It’s time for Oktoberfests and German-style beers at NJ breweries

Here are a few Märzens, Rauchbiers, Dunkels and more to check out this Oktoberfest season.

So, as we publish this, it’s not yet October. Not yet Labor Day. Not even September. But the fact that it’s still hot and sticky outside doesn’t mean you shouldn’t indulge in an Oktoberfest-style beer. You know it’s fresh, it’s a suitable beverage for the warmth, and plenty of NJ craft brewers are making excellent versions of it—as well as plenty of lesser-heralded German-style beers, to boot.

What we—or maybe just marketers—call Oktoberfest beer is typically Märzen, a medium- or full-bodied Bavarian lager. Märzen comes from the German word for March (März), as the beer was brewed in the spring—regulations at the time prohibited brewing beer in the summer due to the increased risk of fires. It was brewed with more hops, malts and a higher alcohol content so the beer would last during the aestival hiatus. 

Over the years, Märzen has evolved as other brewing cultures put their spins on it (and, they’re no longer only brewed in March). Too, Oktoberfest itself has evolved, particularly in the U.S. What started as an early 1800s Bavarian royal wedding celebration has turned into a global culture of regional festivals filled with people wearing lederhosen and bar maiden outfits, all centered around beer. So much beer.

Though those events are fun—and we’ll highlight a few of the upcoming NJ Oktoberfest events here—the beer that now shares the name of the festival is what we’re about, particularly now as we transition into fall and can’t quite stomach pumpkin beer yet. Here are a few Märzens, Rauchbiers, Dunkels and more to check out this season.

Bonesaw Brewing, Glassboro

Bonesaw’s got three beers in the Oktoberfest realm you ought to check out. The first, Bonetoberfest, is a Dortmund export lager (pilsner), brewed with pilsner, Vienna and Munich malts, and Bavarian noble hops. It’s got notes of toast and honey with a pleasant presence of malt.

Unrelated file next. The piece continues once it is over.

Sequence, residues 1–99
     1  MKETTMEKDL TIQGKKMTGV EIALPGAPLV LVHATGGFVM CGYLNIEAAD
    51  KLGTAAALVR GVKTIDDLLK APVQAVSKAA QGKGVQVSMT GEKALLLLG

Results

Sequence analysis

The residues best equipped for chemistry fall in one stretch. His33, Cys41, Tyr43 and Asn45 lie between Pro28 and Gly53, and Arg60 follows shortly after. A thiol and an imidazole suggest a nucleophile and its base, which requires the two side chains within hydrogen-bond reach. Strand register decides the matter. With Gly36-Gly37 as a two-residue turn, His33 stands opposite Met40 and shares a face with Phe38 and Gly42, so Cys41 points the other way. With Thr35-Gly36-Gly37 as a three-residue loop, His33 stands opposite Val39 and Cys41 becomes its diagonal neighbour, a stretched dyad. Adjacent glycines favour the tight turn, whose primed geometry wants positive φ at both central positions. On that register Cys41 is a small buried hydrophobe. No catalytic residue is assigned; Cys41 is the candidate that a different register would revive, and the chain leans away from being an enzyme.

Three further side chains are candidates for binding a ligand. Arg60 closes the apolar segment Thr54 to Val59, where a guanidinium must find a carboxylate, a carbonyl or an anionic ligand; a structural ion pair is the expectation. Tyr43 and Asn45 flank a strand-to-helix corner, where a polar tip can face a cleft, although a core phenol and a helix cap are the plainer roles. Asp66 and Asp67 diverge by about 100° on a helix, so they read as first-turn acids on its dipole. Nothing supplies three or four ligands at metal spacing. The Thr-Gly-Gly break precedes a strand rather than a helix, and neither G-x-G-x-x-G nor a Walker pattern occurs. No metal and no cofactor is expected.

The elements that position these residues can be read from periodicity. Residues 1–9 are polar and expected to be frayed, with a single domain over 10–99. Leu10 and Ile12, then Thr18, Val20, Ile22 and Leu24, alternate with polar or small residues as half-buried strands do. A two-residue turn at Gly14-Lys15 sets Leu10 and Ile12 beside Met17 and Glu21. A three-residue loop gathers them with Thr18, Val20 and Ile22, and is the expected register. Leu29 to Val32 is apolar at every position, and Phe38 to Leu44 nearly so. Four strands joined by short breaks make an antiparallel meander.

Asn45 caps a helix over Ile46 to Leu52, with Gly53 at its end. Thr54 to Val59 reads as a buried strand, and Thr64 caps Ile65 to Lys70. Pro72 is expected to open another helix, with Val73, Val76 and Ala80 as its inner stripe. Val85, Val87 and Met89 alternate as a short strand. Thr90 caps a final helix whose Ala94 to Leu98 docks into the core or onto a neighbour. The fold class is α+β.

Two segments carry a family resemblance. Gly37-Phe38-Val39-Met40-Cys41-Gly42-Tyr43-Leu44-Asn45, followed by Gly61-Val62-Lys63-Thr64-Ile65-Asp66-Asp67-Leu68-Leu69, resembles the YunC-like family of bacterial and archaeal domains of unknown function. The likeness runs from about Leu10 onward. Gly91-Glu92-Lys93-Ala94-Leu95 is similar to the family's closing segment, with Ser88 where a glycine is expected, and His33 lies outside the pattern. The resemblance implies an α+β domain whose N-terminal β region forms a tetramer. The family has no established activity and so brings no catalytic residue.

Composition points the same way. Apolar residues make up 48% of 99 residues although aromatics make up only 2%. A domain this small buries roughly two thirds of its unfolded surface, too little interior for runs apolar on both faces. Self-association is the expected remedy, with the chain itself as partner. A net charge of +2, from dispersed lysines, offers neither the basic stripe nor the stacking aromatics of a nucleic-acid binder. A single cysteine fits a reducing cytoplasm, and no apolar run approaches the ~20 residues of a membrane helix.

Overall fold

The Luke Maibocker (Maibock or heller bock) is a 7.3% ABV complex lager that takes a skilled brewer to pull off. Brewed with a single malt and single hop, it’s a unique, more forceful complement to the Bonetoberfest.

Lastly, Bonesaw has the Feuchtfrohlich, a 7.4% ABV altbier, which is a fantastic style if you’ve never had it—and you may not have, because you don’t see it too often around here. It pours a dark reddish brown, copper color with dryness balanced with berry flavors.

Czig Meister Brewing, Hackettstown

Head to Hackettstown for Czig Meister’s take on a Märzen. It’s toasty, malty, biscuity; a little graham cracker, a little honey. In short, everything you’d expect from an Oktoberfest-style beer, with a refreshing, clean finish. Taste it in person at their Oktoberfest celebration Sept. 23-25 with stein-holding competitions, weiner dog races, cornhole tournaments and, of course, beer.

Ashton Brewing, Middlesex 

No Oktoberfests, per se, at the fantastic Ashton Brewing in Middlesex, but they do have two beer styles you ought to take the opportunity to try this fall. First, their schwartzbier, Black Orpheus, is a black lager that goes down easy like a dark pilsner. It was brewed in collaboration with the folks at Sunken Silo in Lebanon. It’s got a soft but present roasted malt flavor that balances with a tasteful addition of German hops, for an eminently drinkable beer.

Next, Ashton’s got the Ober Baron, a German-style red ale. It’s a double version of their altbier Red Baron, and is aged on oak spirals. Red Baron was the first beer Ashton brewed, and so they brewed Ober Baron to commemorate its second anniversary. It’s deep amber in color with a balance of malty, crispy and bitter flavors. Oh, and you’ll taste the oak.

Ashton’s got an Oktoberfest celebration coming Sept. 24—check back with them for more details.

Cape May Brewing, Cape May

Now a classic in the realm of NJ craft Oktoberfests, Cape May’s Märzen-style lager, Oktoberfest, is hard to beat. It’s amber in color, malty on the tongue and clean on the finish. It’s cool-fermented, which mellows the beer as it lagers. Made of Vienna, Munich, Caramunich, Pilsen and Melanoidin malts, this is a beautiful expression of the style. 

Montclair Brewery, Montclair

Montclair Brewery offers two German-style beers to enjoy this season. Their MB Lager is a Munich Dunkel, a full-bodied lager with tasting notes of caramel, honey and bread. As it does carry a bit more weight, save it for a cool night or later in September. Or not, who cares? One good opportunity to try it would be Montclair Brewery’s fourth annual Oktoberfest on Sept. 24. 

Another to try is the Fumé, a smoky rauchbier—rauch means smoke in German. It’s brewed with peat-smoked malt, roasted barley and brown sugar and the whole tasting experience will remind you of a mellow campfire. Pro tip: Pour this into some hot cheese, maybe some Dijon mustard, and let it simmer and you’ve got yourself a kickass, smoky, spicy beer cheese dip.

Jersey Girl Brewing, Hackettstown 

For a solid representation of the Oktoberfest-style beer you’ve come to know and love, head to Jersey Girl Brewing in Hackettstown. Their 5.9% ABV Märzen-style lager, Oktoberfest, is a medium-bodied amber lager that’s got a sweet bread-like malty character and a refreshing dry finish that’ll keep you sipping more and more.